Stoeckley: "I will later on—as I said earlier, I'm not trying to be evasive, or try to dodge any kind of questions, or anything like that, I know I sound like I don't know what I'm talking about right now, but as I said earlier too, I've been promised immunity too many times. I'm not going to get into it again, without some reassurances.

"If I am promised immunity, I will do it. I do not plan to relocate or anything such as that."

Gunderson: "Is there anything else you'd like to mention to us, or discuss with us aside from what you have given us this trip?"

Stoeckley: "Not at this time."

Gunderson: "Are there any key points you feel we have failed to explore?"

Stoeckley: "Not at this time."

Gunderson: "But there are some key points that you could answer but didn't?"

Stoeckley: "After I am granted immunity."

The following was attached to the above document; handwritten dated
May 24, 1982 signed Helena Davis. Beasley and Gunderson signed as witnesses.

"I have never seen a floor plan or lay - out of the inside of the MacDonald residence.

"During the 1979 trial I was shown photographs of the three (3) bodies in the morgue and a photograph of the hobby horse.

"I do not recall being shown any photographs of the interior of the MacDonald house during the trial.

"The following page is a floor plan of the house as best as I recall it on the night of the murders.

"In my statement I stated that I entered through the utility room. This was a mistake on my part. I entered through the kitchen and left through the utility room.

"Numbers 1 and 2 on this diagram were the rear doors to the MacDonald residence. As to the lay - out of the home on the night [appears to be a missing word] the murders there is some confusion as to the specific lay - out because of the drugs I had taken I did not straighten up enough to realize what was going on or where articles or rooms were located until I realized matters had gotten out of hand and the severity of the situation. By that time my main concern was departing immediately.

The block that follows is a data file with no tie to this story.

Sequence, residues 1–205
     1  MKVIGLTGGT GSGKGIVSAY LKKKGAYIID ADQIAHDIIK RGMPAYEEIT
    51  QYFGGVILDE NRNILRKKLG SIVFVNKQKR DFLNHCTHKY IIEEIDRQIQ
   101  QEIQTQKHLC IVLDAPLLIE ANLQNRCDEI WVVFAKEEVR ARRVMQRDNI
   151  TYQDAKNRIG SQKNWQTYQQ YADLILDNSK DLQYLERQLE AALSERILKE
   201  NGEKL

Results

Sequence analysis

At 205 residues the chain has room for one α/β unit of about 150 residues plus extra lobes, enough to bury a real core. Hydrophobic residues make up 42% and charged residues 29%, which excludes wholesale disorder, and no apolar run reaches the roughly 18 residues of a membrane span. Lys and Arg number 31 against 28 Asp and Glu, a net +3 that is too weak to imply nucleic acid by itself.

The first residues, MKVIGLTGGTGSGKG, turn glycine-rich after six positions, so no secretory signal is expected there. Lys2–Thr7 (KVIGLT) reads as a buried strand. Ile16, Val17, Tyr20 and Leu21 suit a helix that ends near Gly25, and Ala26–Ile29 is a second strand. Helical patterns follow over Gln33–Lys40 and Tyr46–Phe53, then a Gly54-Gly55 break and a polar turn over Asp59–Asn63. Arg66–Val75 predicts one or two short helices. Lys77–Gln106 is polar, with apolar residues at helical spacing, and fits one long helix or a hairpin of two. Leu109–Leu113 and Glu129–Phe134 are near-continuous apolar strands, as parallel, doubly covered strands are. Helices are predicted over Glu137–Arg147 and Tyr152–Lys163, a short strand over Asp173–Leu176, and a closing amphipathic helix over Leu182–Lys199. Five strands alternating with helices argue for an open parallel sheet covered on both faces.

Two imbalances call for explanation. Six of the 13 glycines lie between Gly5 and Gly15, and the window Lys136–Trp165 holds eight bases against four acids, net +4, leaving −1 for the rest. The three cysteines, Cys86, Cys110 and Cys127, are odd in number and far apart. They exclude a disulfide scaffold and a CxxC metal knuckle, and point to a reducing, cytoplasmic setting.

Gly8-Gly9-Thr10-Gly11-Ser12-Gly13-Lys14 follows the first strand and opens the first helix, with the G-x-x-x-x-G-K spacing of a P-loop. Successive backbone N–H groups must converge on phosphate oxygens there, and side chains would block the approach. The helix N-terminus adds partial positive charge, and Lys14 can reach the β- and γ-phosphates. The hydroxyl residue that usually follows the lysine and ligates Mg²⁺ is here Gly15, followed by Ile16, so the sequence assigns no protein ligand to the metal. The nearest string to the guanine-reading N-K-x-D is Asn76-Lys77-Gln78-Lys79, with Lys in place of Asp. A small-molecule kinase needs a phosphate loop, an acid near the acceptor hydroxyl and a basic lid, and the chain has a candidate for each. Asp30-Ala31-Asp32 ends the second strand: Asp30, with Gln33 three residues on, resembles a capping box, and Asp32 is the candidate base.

"I'm not sure where the utility room fit into the lay - out of the house, but I do know that one door opened from the kitchen and one from the utility room.

"On entering the kitchen I do have some recollection of plants in the room. I did not pay attention to the appliance i.e. range, refrigerator etc. The only reason I remember the phone was answering a phone during the course of our visit.

"In the living room I remember MacDonald having a book laying upside down as if he had fallen asleep reading. There was a pair of glasses laying on the floor. On the coffee table in front of the couch were some cards in the form of valentines' day cards made by a child. The T.V. was turned on but off the air at the time of our entry.

"I'm unsure of the whereabouts of the bathroom (or bathrooms) because many of the doors were closed in the home and no one had occasion (to my knowledge) to enter these rooms.

"In the children's room I recall seeing a book case of sorts which held a record player and various children's books and small toys. I had occasion to bump against a hobby horse with a broken spring. This I know because I had entertained the idea of trying to ride it.

"In the master bedroom I recall seeing the same jewelry box on the dresser which I had taken a gold bracelet out of several weeks earlier.

"I'm unsure of the furniture arrangement in the rooms.

"At one point I remember hearing water running in a bathroom when one member of our party was trying to clean himself up. At that time I had already re - entered the living room. That is why I am unsure of the specific location of the bathroom (s?) or utility room. When I left the master bedroom Colette was unconscious. As far as I know the person in the master bedroom was Greg Mitchell, I believe he was the person in the bathroom washing up.

"I believe the phone in the kitchen was a wall phone.

"The time I went in 3 weeks prior to the murders I noticed only the master bedroom. Nothing else appeared to be of value to me at that time."

Attachment: The diagram of the MacDonald house by Helena Stoeckley Davis

Attachment: The diagram of the MacDonald house by Helena Stoeckley Davis